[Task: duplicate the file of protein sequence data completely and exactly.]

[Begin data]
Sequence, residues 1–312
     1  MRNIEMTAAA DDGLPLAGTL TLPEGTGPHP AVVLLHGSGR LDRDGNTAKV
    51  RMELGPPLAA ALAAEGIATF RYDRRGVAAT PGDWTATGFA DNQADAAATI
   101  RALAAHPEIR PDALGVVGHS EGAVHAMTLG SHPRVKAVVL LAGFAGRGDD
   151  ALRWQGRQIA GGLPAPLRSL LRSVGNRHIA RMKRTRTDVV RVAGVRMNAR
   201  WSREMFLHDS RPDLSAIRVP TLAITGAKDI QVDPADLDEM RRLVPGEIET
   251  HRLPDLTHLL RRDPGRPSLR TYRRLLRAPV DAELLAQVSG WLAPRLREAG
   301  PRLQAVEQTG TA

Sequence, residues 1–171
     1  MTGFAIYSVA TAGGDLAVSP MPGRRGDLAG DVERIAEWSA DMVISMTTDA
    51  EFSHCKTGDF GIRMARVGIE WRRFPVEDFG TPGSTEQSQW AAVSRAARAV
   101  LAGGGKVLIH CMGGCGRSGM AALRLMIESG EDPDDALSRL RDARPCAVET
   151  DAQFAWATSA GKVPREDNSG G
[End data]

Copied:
Sequence, residues 1–312
     1  MRNIEMTAAA DDGLPLAGTL TLPEGTGPHP AVVLLHGSGR LDRDGNTAKV
    51  RMELGPPLAA ALAAEGIATF RYDRRGVAAT PGDWTATGFA DNQADAAATI
   101  RALAAHPEIR PDALGVVGHS EGAVHAMTLG SHPRVKAVVL LAGFAGRGDD
   151  ALRWQGRQIA GGLPAPLRSL LRSVGNRHIA RMKRTRTDVV RVAGVRMNAR
   201  WSREMFLHDS RPDLSAIRVP TLAITGAKDI QVDPADLDEM RRLVPGEIET
   251  HRLPDLTHLL RRDPGRPSLR TYRRLLRAPV DAELLAQVSG WLAPRLREAG
   301  PRLQAVEQTG TA

Sequence, residues 1–171
     1  MTGFAIYSVA TAGGDLAVSP MPGRRGDLAG DVERIAEWSA DMVISMTTDA
    51  EFSHCKTGDF GIRMARVGIE WRRFPVEDFG TPGSTEQSQW AAVSRAARAV
   101  LAGGGKVLIH CMGGCGRSGM AALRLMIESG EDPDDALSRL RDARPCAVET
   151  DAQFAWATSA GKVPREDNSG G